Setting up + Downloads

SD Card Image file

The image file is compressed with winrar. The size is 8 gigabytes, so if you have a FAT32 formatted windows drive where you want to download the file that is not suitable, because it can only handle 4GB files. NTFS formatted drive is needed which is default in windows 7 & 10. I have plans to make a smaller image file, but that is not the top priority at the moment.
The device uses the default OS of the Raspberry Pi: Raspbian Stretch Lite (Linux). I’ve modified it a little and added some custom software for the bud photography.

Warning! This OS is not intended to use continuously connected to the Internet!
There are security issues so I don’t recommend to use it 0/24 online!!
(eg. The default password is not changed, the files are easy to modify, etc.)
Download BudPi image file

Use Win32DiskImager or Etcher to write the image file to your SD card. At least you need a 8GB SD card. A larger one is also suitable, in order to use the space above 8 GB you have to expand the filesystem on your RPi device. Without expand you can only use 8GB. Anyway, 8 GB is also enough for thousands of photos 🙂

Here’s some more detailed info if you need some help on installing the OS:

Download Win32 Disk Imager
Download Etcher

3D printed camera box

To hold the camera in position a 3D printed case is needed. Below you can download a recommended one. At the moment the case is a bit week, so be careful, it can be easily broken. Soon I will make it more robust. On there’s a lot more RPi camera holder.

Additionally you will need:

  • Little glass to cover the Camera lens to make it full weatherproof
    Around 25 x 25 millimeters, 2mm thick is enough
  • Silicone to make the Camera box weatherproof and to fix the glass. Not every 3D printing material is water repellent!
There’s a cube in the files only for size reference, to verify for the proper sizes. You don’t need to print it. 
Download 3D printing models

Refocusing the Raspberry Pi camera

The camera is a fixed lens one, focused to infinity. The lens is glued to a fixed position. If you want bud photography you need to cautiously broke the glue and refocus the lens to a closer eg. 5-8 cm distance. Here are some videos from youtube on how to do this:

Powering the Raspberry Pi from 18650 Li-Ion batteries

The battery case should be modified accordingly to the photos. Raspberry Pi optimal voltage is 5V. Do not give more power! Less can also work.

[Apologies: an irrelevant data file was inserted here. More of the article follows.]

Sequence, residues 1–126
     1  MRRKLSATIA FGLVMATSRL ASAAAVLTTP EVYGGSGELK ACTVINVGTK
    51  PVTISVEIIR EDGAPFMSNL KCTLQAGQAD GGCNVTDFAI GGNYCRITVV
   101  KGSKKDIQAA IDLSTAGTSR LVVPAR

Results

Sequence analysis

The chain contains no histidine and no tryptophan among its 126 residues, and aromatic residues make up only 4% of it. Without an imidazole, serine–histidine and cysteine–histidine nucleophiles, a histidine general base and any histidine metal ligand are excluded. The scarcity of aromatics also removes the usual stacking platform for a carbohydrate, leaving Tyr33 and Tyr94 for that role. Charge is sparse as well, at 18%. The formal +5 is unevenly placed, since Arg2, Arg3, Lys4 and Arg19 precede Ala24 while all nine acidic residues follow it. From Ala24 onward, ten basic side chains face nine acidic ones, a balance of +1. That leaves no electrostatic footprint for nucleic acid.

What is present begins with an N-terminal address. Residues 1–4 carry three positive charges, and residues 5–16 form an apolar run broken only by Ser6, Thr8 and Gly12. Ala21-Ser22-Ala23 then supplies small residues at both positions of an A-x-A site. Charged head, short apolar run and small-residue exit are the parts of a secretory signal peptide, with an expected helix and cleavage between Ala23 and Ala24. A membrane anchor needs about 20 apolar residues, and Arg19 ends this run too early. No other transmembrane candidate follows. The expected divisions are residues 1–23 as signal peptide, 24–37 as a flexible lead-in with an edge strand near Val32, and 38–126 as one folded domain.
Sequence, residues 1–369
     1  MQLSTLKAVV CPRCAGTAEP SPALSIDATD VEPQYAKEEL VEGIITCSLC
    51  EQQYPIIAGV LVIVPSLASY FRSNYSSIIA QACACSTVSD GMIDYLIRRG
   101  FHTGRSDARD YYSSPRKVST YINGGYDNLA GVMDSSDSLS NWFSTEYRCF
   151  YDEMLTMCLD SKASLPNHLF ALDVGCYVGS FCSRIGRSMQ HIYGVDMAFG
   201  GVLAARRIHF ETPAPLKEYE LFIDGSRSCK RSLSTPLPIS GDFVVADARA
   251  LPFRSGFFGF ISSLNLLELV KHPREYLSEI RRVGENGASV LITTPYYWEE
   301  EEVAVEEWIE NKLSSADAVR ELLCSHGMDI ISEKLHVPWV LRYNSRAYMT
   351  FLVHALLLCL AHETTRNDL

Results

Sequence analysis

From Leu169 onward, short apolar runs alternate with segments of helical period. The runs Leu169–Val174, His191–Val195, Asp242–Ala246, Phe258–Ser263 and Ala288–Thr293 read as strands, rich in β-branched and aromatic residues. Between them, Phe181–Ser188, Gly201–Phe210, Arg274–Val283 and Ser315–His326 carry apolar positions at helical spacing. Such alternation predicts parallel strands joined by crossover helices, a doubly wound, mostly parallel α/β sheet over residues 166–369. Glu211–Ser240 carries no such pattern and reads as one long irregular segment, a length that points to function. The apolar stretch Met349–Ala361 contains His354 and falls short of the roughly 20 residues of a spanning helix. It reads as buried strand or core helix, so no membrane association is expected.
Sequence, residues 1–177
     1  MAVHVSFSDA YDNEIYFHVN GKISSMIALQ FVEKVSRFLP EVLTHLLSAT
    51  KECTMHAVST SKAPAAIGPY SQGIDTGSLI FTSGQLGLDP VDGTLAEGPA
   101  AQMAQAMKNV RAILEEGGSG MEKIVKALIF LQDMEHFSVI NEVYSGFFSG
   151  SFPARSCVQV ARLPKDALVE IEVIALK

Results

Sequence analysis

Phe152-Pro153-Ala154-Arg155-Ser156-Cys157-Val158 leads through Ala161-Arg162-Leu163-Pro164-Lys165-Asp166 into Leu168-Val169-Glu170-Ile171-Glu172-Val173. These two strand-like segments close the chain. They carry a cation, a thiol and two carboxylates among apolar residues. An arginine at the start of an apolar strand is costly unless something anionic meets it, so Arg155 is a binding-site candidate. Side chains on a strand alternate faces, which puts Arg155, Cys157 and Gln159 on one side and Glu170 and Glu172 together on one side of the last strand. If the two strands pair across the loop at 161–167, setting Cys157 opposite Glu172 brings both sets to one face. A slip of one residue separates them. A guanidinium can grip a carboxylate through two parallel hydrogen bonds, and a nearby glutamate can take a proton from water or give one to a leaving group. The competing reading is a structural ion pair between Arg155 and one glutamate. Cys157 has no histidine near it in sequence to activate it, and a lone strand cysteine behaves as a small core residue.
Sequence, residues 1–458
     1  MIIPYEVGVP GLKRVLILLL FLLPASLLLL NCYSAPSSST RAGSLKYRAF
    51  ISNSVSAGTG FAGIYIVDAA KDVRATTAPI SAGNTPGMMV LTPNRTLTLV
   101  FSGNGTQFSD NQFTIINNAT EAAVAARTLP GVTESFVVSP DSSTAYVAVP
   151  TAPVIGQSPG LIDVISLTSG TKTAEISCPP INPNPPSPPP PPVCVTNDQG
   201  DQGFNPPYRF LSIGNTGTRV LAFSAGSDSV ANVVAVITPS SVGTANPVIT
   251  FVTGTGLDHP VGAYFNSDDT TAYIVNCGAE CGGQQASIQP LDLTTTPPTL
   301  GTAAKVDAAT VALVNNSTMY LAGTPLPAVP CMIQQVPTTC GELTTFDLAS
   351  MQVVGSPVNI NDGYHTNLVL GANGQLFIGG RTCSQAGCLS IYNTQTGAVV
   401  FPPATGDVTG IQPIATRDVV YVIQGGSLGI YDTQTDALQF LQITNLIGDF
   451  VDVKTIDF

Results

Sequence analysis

If you use the battery case as normal, the voltage adds together and that is too much for the Pi. In that case a step down converter needed. I’ve didn’t tested this way. Insted of this, I’ve modified the case a little, so it gives 3,7V which is needed to convert to 5V with a step up converter. This is ideal, because you can change the batteries one by one and you won’t break the power connection.

Rotate the tiny wheel on the step up converter to modify the outgoing voltage. Use a voltage meter to measure the 5V. You can use only one micro USB to power the RPi, but in this way it’s more flexible. Later on you will see why.

Assembling the parts

If you have an RPi without pins, solder the additional GPIO pins onto the Raspberry Pi as shown in the video below:

The two wire is optional, they control the additional led lightning in the dark. The small 5 pin clock needed for the RPi to know the exact time and save it into the filename. Without this module as the RPi shuts down it lost the time. Connect the camera wire as the photo shows. The wire black sides goes to the black sides of the connectors.

Boxing the Raspberry Pi to make it weatherproof

I use these cheap battery boxes to put the RPi and the controls into. Cut holes, and cut off the annoying parts of the plastic. Use silicone to fill the holes.

Programming the timer

  • Giving electricity to the timer will turn it on.
  • Pressing the SET button will show you the current programming:
    OP xxx – Turned on for this time
    CL xxx – Turned off for this time (waiting)
    LOP xxx – Number of loops (- – – is inifite loop)
    The position of the dot(s) controls the unit as follows:
    X.X.X. means minutes (eg. 0.0.5. equals to 5 minutes)
    X X X. means seconds (eg. 1 2 3. equals to 123 seconds)
    X X.X means tenths of second (eg. 0 0. 5 equals to half second)
  • Turn on with STOP
  • Hold long SET to modify the default program
  • Select P3.2 with UP/DOWN buttons and save with the SET button
  • Set OP to 0.0.3. (minutes) – You can control the dot position (unit) with the STOP button
    This controls the time while the RPi is turned on. 3 minutes is more than enough for a photo.
  • Set CL to 7.1.7. (minutes) –
    This controls the time while the timer waits for the next powering. Maximum amount is 999 minutes.
    Alway subtract the amount of turned on time – 3 minutes!
    1 day = 1440 minutes (cannot set, maximum 999 minutes)
    half day = 720 minutes (set 717 minutes) – two photo per day
    quarter day = 360 minutes (set 357 minutes) – four photo per day
  • Set LOP to – – –
    (this means infinite loop)
  • At the end hold long SET
  • Turn off with STOP button
  • Turn on with STOP button

Enable sleep mode to save battery power:

  • Turn on the device
  • Press the STOP button for 2 seconds
  • O-d mode means the sleep mode is OFF
  • C-P mode means the sleep mode is ON
    Turn on the sleep mode. In this mode the device will turn off the display after 5 minute inactivity to save power.